Send her a text message instead, that will make the transition a bit be easier if you don’t hear her (or your dad’s) voice for a few days. Once you feel alright, call them to check up

  • IHeartRadio

If you’re like me (a huge radio fan) you know you’ll dread losing your favorite radio station. I know I was until my friend reminded me about the app called IHeartRadio. This app is super useful to me; it brings some L.A. into my dorm room. With this APP I can listen to live radio stations from back home and the comfort knowing that my family and friends are also listening to the same song, brings some joy that I’m not so far away after all.

  • Be social

For an introvert, this is a nightmare but it’s necessary. Talking to your peers, counselors and upper-class men do help your transition from high school to college but also from one state to another. Talk to peers who are from that area, question them about the recreational things around, the restaurants and the weather. Try to find someone who came from the same state as you, having someone to chat about home is a great way to be social and accepting that you’re not home anymore.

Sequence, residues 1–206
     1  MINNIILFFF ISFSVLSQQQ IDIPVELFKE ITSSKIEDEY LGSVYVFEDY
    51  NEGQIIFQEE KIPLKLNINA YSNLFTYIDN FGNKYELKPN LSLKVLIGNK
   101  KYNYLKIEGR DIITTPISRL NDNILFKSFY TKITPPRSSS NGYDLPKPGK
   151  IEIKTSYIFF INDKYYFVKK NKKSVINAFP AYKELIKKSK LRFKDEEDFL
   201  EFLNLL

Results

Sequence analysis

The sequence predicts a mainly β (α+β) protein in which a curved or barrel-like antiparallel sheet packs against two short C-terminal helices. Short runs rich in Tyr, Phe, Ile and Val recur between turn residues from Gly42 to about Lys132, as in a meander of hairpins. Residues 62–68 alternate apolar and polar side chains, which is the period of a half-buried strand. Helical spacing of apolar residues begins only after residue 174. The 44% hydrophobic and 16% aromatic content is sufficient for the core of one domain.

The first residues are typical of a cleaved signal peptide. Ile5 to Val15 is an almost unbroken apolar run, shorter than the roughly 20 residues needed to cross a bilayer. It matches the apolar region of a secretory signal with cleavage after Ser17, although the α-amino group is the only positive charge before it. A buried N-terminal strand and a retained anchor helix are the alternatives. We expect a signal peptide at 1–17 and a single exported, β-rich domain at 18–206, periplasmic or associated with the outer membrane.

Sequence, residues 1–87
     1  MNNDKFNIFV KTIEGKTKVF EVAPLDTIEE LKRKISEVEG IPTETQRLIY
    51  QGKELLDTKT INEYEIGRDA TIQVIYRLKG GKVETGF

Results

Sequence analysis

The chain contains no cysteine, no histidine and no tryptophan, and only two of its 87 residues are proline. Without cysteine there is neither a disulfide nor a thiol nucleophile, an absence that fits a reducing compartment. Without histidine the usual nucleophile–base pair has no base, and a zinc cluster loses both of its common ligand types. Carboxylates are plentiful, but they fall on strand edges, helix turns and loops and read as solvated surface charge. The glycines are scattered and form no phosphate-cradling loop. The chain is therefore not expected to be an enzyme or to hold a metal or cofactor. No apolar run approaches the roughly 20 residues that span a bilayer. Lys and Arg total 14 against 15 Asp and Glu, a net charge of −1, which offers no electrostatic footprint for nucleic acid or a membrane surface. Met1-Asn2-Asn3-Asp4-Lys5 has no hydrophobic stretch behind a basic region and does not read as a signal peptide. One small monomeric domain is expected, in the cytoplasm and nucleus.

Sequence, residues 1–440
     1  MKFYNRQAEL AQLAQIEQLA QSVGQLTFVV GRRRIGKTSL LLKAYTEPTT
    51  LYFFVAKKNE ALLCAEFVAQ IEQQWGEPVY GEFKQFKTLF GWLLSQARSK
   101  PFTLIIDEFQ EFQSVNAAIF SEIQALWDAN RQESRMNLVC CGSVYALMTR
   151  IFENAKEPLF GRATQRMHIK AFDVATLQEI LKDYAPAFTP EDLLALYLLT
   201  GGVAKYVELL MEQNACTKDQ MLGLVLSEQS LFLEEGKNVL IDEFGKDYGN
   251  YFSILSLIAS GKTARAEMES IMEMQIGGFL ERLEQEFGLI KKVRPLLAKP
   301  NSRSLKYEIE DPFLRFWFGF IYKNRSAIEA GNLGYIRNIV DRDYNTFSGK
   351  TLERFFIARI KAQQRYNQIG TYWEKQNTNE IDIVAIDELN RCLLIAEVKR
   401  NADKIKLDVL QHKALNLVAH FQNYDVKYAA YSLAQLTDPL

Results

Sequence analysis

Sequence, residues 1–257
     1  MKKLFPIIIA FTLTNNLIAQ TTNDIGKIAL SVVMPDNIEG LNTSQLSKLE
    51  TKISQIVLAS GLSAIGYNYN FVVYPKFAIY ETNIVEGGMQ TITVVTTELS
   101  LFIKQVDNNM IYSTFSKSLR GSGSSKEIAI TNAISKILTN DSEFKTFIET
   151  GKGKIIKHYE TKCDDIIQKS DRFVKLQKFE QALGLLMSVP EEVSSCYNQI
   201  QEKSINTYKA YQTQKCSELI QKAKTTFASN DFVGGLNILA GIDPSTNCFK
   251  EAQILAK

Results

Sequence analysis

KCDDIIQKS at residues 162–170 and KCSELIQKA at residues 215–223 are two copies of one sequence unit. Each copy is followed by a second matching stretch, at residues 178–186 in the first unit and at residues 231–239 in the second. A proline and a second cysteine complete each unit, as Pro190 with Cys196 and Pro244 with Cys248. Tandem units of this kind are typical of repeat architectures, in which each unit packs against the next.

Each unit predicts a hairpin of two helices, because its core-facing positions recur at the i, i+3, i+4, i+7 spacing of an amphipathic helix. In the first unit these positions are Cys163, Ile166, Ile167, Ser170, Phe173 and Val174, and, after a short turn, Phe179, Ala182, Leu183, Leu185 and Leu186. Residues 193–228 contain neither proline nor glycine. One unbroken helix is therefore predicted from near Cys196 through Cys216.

Also talk to them about your home state, of how different or similar it is from the state your college is in. It’s a creative way to break the ice and plus many will be surprised at where you came from!

  • Decorate

I know this is obvious, but I’ll state it anyways. Decorate your dorm like how your room was back home. Place those posters around (with permission of your roommate first), plug in that stereo or set that Xbox One on your T.V. If you want, before you come out into a different state, get some postcards from home. Having the view of legendary landmarks of your home will help you not feel so alone.